NSA to Defense Sector: Think Twice Before Connecting Operational Technology to the Internet


The agency recognized benefits such as enabling remote work but notes the inherent risks and costs of putting industrial control system components online.

Given recent intrusions, the National Security Agency warns organizations should reassess the pros and cons of connecting the operational technology in their industrial control systems to information technology and the public internet.  

“Acknowledge that a standalone, unconnected (‘islanded’) OT system is safer from outside threats than one connected to an enterprise IT system(s) with external connectivity (no matter how secure the outside connections are thought to be),” reads the first step in a guide the agency released Thursday for evaluating such systems.  

The guide applies to network owners within the National Security System, the Defense Department and the defense industrial base, where NSA said malicious cyber activity continues to target the operational technology such as valves and pressure sensors that control physical processes in industrial operations and can have consequences such as loss of life if compromised.

This operational technology predates the internet but operators have connected it to information technology over the years in order to benefit from the ability to process data, leverage the IT workforce, monitor the systems and manage updates. But the NSA said entities have not paid enough attention to the cybersecurity risks involved, and it’s time for a change in their approach.

“A significant shift in how operational technologies are viewed, evaluated, and secured within the U.S. is needed to prevent malicious cyber actors from executing successful, and potentially damaging cyber effects. As OT components continue being connected to information technology, IT exploitation increasingly can serve as a pivot to OT destructive effects,” according to the guide. “While OT systems rarely require outside connectivity to properly function, they are frequently connected for convenience without proper consideration of the true risk and potential adverse business and mission consequences.”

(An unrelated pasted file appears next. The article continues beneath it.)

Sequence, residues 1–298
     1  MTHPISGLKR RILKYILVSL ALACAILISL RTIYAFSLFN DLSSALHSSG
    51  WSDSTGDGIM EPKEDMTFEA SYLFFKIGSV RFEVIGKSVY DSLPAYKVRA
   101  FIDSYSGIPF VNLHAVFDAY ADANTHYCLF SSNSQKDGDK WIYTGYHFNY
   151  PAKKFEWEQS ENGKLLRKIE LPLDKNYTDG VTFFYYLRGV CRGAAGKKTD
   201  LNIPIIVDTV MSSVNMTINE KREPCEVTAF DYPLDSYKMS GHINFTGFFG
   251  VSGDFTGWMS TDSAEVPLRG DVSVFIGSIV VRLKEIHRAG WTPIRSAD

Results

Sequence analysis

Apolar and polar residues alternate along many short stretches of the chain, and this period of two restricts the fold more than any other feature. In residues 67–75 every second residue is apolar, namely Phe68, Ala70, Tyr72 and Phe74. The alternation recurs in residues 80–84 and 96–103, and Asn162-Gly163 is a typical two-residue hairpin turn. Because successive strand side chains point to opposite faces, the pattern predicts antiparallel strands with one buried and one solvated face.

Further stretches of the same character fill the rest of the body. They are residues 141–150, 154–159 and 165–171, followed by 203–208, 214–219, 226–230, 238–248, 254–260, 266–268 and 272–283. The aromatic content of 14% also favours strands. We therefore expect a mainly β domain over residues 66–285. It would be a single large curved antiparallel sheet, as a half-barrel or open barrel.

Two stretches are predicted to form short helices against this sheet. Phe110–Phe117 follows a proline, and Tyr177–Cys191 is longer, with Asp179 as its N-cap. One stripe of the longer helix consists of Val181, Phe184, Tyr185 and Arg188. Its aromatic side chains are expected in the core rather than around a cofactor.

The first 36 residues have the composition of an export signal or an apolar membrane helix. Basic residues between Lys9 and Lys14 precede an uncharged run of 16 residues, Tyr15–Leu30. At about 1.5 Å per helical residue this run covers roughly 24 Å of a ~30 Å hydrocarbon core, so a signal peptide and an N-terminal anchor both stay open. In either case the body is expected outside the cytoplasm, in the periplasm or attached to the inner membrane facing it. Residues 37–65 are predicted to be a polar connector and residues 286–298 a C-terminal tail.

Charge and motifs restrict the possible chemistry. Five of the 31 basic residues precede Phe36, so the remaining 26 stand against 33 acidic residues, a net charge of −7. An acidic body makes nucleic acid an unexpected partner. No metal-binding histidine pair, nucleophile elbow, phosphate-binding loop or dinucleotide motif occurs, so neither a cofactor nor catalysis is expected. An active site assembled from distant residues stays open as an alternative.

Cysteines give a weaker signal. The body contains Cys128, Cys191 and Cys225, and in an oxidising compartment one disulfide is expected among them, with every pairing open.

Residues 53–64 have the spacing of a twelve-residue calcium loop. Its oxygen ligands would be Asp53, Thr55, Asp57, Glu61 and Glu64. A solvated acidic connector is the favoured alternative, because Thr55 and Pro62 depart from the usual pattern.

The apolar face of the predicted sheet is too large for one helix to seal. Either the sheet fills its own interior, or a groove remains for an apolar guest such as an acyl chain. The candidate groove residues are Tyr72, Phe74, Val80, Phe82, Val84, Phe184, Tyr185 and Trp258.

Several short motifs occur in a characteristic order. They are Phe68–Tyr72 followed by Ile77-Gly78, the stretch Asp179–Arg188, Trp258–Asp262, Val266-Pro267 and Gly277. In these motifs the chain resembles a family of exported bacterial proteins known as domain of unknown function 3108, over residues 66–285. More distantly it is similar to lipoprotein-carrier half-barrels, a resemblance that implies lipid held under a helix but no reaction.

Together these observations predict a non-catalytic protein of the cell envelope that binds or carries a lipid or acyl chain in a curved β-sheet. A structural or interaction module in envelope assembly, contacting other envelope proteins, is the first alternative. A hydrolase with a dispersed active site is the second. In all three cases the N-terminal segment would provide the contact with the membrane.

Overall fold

On Thursday the Cybersecurity and Infrastructure Security Agency also released an advisory on industrial control systems. CISA listed a host of products with vulnerabilities that affect real-time operating systems, or RTOS, and the software libraries that support them. “Successful exploitation of these vulnerabilities could result in unexpected behavior such as a crash or a remote code injection/execution,” CISA said, encouraging entities to implement mitigation measures and updates where available.

The NSA advises organizations to consider not just the security risks of connecting OT to IT, but the costs involved in alleviating them. This can include segmentation equipment, renewing product and system licenses, updating outdated devices and the time lost in the process, and the personnel necessary to maintain and secure assets. 

The final step in the evaluation methodology included in NSA’s advisory, which also includes steps for improving cybersecurity in OT systems that have already been connected, is to present a detailed cost-benefit analysis to leadership for an ultimate assessment of the risks.